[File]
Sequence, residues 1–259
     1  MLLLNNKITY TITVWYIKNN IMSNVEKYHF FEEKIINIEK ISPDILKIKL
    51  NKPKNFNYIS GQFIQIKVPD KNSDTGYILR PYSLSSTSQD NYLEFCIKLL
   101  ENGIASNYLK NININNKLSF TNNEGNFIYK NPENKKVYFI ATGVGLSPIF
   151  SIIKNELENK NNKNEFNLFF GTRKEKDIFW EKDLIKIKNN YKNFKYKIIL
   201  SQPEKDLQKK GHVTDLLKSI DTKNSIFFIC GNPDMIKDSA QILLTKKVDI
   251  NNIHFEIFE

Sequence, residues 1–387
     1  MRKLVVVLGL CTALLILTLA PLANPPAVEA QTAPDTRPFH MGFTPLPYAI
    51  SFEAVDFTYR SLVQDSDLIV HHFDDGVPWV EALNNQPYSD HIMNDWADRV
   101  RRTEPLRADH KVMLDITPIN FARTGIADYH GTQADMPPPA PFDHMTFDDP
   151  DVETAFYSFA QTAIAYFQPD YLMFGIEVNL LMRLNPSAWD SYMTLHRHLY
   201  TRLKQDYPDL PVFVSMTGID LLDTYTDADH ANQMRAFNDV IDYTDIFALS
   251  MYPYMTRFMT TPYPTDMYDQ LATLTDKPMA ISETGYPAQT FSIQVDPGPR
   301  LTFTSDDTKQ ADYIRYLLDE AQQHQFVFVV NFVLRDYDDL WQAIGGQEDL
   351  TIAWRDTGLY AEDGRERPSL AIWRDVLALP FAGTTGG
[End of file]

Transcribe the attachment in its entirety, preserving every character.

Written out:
Sequence, residues 1–259
     1  MLLLNNKITY TITVWYIKNN IMSNVEKYHF FEEKIINIEK ISPDILKIKL
    51  NKPKNFNYIS GQFIQIKVPD KNSDTGYILR PYSLSSTSQD NYLEFCIKLL
   101  ENGIASNYLK NININNKLSF TNNEGNFIYK NPENKKVYFI ATGVGLSPIF
   151  SIIKNELENK NNKNEFNLFF GTRKEKDIFW EKDLIKIKNN YKNFKYKIIL
   201  SQPEKDLQKK GHVTDLLKSI DTKNSIFFIC GNPDMIKDSA QILLTKKVDI
   251  NNIHFEIFE

Sequence, residues 1–387
     1  MRKLVVVLGL CTALLILTLA PLANPPAVEA QTAPDTRPFH MGFTPLPYAI
    51  SFEAVDFTYR SLVQDSDLIV HHFDDGVPWV EALNNQPYSD HIMNDWADRV
   101  RRTEPLRADH KVMLDITPIN FARTGIADYH GTQADMPPPA PFDHMTFDDP
   151  DVETAFYSFA QTAIAYFQPD YLMFGIEVNL LMRLNPSAWD SYMTLHRHLY
   201  TRLKQDYPDL PVFVSMTGID LLDTYTDADH ANQMRAFNDV IDYTDIFALS
   251  MYPYMTRFMT TPYPTDMYDQ LATLTDKPMA ISETGYPAQT FSIQVDPGPR
   301  LTFTSDDTKQ ADYIRYLLDE AQQHQFVFVV NFVLRDYDDL WQAIGGQEDL
   351  TIAWRDTGLY AEDGRERPSL AIWRDVLALP FAGTTGG